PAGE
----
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Author Mitlin, Diana.

Title Capital, capacities and collaboration : the multiple roles of community savings in addressing urban poverty / Diana Mitlin, David Satterthwaite, Sheridan Bartlett
Published London : Human Settlements Group, International Institute for Environment and Development, [2011]
©2011
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Description 1 online resource (71 pages)
Series Human settlements working paper series
Poverty reduction in urban areas ; 34
Human settlements working paper series.
Poverty reduction in urban areas series ; working paper 34
Summary This paper discusses ideas and methodologies on reducing urban poverty, paying particular attention to the changes that can be triggered by the practice of community savings. As local communities struggle to improve their development options, this practice has demonstrated staying power and relevance in many different nations, cities and contexts, in some cases producing lasting transformation. Community savings are collective financial accumulations accrued by a defined (but often not formalised) group of people. The process involves the establishment and strengthening of local savings groups, in most cases residentially based (i.e. spatially defined), although similar systems have also been explored with trade or enterprise-based groups. Within these groups, members, often primarily women, pool small amounts of finance, in some cases with a defined savings period such as once a week or once a month and in other cases whenever income is available. Although the savings are individual, with each person recording and "owning" their own savings, there is a collective accumulation and management of the monies. The paper describes recent experiences in collective savings among low-income urban citizens in towns and cities across the Global South, most of them residents of informal settlements. The practices of some of these groups have evolved into substantive institutional innovations centred on community savings funds. The changes in individual and collective relations, capacities and assets catalysed by these practices have raised incomes, consolidated and protected individual and collective assets and reduced political exclusion. The benefits extend beyond the immediate impacts. The practice can stimulate changes in a number of aspects of urban poverty, encouraging multiple reinforcing effects that help to move households out of poverty and demonstrating alternative relations with local government and other state agencies that support a more effective pro-poor and accountable state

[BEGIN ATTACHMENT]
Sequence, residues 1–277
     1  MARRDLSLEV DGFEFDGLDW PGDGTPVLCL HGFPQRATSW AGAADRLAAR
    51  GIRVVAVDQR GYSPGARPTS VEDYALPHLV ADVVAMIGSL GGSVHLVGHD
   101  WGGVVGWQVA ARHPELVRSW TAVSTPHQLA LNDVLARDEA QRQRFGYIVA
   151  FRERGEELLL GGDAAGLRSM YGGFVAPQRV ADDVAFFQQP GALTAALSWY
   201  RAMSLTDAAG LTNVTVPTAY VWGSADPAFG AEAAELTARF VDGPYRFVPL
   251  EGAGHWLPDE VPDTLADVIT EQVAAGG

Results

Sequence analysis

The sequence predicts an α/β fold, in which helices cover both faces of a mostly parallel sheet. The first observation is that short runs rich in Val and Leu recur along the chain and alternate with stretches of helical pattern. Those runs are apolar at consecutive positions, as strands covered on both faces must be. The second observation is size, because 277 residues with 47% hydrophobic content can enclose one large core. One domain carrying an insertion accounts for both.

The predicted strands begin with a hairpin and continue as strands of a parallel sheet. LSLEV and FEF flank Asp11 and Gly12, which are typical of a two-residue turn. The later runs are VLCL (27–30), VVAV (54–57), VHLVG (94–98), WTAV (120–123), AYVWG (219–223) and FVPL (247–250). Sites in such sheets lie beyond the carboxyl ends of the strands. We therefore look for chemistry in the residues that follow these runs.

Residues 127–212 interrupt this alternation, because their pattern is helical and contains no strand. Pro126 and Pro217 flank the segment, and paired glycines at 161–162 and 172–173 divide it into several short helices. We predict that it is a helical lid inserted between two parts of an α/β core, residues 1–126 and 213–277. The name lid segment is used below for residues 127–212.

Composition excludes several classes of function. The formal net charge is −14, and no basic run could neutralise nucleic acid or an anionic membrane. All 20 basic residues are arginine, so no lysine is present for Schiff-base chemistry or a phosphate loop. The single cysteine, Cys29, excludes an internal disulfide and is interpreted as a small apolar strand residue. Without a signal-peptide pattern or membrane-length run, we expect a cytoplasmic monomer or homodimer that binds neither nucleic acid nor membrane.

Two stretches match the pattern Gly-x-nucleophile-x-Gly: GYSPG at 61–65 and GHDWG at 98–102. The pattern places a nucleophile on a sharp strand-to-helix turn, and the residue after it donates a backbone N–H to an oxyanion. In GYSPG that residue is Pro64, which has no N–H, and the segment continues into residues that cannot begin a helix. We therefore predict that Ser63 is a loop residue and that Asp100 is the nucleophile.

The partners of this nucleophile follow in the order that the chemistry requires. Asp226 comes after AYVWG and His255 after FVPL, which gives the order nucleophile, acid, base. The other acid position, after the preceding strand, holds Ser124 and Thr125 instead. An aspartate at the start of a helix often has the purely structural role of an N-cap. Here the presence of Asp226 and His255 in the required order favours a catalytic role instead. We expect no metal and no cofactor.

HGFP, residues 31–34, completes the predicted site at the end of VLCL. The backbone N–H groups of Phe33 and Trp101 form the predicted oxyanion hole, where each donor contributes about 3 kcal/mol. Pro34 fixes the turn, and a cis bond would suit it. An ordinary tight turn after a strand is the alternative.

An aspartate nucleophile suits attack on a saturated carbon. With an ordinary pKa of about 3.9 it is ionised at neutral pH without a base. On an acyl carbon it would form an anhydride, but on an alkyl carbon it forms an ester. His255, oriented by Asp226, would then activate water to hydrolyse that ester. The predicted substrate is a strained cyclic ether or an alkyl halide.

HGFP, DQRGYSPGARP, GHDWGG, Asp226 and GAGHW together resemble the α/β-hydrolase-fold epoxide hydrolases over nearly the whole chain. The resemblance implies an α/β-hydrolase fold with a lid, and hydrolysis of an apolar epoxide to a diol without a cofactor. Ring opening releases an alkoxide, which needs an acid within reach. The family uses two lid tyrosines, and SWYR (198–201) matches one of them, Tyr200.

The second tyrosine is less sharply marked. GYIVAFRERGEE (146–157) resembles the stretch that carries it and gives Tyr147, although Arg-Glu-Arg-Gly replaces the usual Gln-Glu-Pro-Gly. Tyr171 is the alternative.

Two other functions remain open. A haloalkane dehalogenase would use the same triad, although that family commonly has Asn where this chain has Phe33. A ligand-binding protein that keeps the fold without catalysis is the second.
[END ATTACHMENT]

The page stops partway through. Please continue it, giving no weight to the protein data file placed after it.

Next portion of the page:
Notes Title from pdf title page (IIED Web site, viewed Oct. 28, 2011)
Subject Communities -- Developing countries.
Savings accounts -- Developing countries.
Urban poor -- Developing countries.
Form Electronic book
Author Bartlett, Sheridan.
Satterthwaite, David.
International Institute for Environment and Development. Human Settlements Programme.